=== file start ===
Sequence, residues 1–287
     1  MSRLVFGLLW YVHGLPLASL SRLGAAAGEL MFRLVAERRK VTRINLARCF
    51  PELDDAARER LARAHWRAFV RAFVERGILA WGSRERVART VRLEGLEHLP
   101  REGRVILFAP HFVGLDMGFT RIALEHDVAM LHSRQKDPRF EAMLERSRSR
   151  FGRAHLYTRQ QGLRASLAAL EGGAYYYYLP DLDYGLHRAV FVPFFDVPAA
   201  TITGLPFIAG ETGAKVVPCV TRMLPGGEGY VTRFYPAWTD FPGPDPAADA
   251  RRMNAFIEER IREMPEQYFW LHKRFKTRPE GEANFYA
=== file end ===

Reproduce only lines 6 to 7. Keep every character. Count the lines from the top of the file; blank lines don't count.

   201  TITGLPFIAG ETGAKVVPCV TRMLPGGEGY VTRFYPAWTD FPGPDPAADA
   251  RRMNAFIEER IREMPEQYFW LHKRFKTRPE GEANFYA